The Mnemonic Whale’s next phase (a plan)

News: The Mnemonic Whale is ready for its next manifestation (whether I am, remains to be seen). I invested in getting the print custom-framed at Luke’s Frameshop to protect it from getting torn further by the cat, but also so I could mount it on top of the shelf.

My goal is to modify a wooden file box I found for free at a garage giveaway by cutting out mini drawers to hold index cards. A recent book I picked up inspired me to try my hand at a card catalog (more on this in later blog posts). The file slots of the box are still up for debate with purpose, but I’m thinking of documents. The box would be attached at the right-facing end of the whale, while a couple small paintings will adorn the left-facing end.

My long (probably remaining life-long) goal is to eventually fill each LOC section of the whale with a book I make. One of the doors may even hold a tiny video and sound display. These are all just ideas that are swimming in my head at the moment of course. But I would truly love to bring them to fruition someday soon.

My favorite mountain: landscapes and the body

Mt. St. Helens is my favorite mountain. Granted, if she blew up right in front of me, she may not be my favorite mountain (since I'd be drowning in lethal hot ash). But in her current dormant state, I can appreciate her up close and personal. It's more of her energy that I'm drawn to than her specific location or shape. I couldn't quite describe what kind of energy, but my sister put it best when she sweetly said, as we were playing with our bare feet in the white dust diagonally from Spirit Lake – "This is a wounded place".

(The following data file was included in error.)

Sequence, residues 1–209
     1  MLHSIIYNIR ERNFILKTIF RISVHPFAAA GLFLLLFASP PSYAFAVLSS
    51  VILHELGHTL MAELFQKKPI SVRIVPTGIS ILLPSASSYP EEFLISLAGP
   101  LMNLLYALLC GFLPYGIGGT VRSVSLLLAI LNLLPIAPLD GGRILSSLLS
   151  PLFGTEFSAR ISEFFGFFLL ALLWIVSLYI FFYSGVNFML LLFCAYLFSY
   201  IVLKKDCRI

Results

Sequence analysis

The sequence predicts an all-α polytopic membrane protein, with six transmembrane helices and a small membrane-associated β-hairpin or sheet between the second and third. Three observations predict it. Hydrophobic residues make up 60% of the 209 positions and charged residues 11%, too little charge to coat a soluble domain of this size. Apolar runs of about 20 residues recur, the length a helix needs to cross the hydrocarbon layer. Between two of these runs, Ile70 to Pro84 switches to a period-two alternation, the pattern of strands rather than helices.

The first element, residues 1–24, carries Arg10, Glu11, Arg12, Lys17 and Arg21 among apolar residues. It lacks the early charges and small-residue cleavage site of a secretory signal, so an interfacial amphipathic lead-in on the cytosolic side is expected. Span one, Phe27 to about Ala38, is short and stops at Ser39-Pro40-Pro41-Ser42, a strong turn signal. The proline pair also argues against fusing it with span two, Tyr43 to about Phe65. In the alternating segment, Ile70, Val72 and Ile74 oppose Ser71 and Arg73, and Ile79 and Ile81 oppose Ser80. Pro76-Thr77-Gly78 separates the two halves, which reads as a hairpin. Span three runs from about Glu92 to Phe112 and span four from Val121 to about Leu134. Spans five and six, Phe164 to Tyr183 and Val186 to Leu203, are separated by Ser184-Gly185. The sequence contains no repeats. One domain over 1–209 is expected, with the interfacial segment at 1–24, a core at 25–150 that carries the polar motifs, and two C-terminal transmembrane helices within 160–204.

Things that passed through my mind and our conversations during our hike in front of Mt. St. Helens (in no particular order):

– the 6th extinction
– whether La Croix is a suitable substitute for desert hydration as opposed to bottled water
– abuse
– existing and extinct ecology
– global warming
– body modification as means of protection/defense
– Roxane Gay's book, Hunger
Native Americans
– bodies being soft verses being hard
the terrible people that almost destroyed me completely
– how orange, purple, and yellow are my favorite wildflower color combination.

The dichotomy of women's bodies and the earth have been discussed for years and years and years. Describing parallels from my end will only ring very cliche, but I recommend reading Woman and Nature: The Roaring Inside Her by Susan Griffin (1978).

(Of course I'd also be interested in finding references that stem from more recent intersectional feminist perspectives – i.e woc and non-binary).

I'm glad my sister and I are closer.

Rambling post about deinstalling the Mnemonic Whale, barcodes, coloring, reference and the tactile


Untitled collage

The Mnemonic Whale officially left the Working Library this past Saturday. It was a slightly messy deinstallation, which consisted of my friend and I sweating and struggling not to knock over the bookshelves as we pushed and pulled to get that box out of there. Finally, Rory (WL’s co-founder) walked over and turned the box at an angle and gracefully removed it as I stood there gaping like a sweaty, embarrassed doofus.  I’m pretty grateful to of had the opportunity to show in WL, and I hope to come back in the coming weeks to see how those shelves will be transformed by the resident artists.

It appeared that most (all) of the items in the whale weren’t taken or traded, but two books were added (one in the N section and one in the Z section).  So I had to lug back bags of books and music home, but I plan to donate them somewhere soon. Although the use of the whale didn’t go as I had hoped, my partner in deinstallation told me at least it was the thought that counted.  Now my cat and I will have to figure out how to best utilize it in my studio.  I’m also planning on creating some shelves within one of my paintings (made out of a wooden shipping pallet) for archival documents and photographs.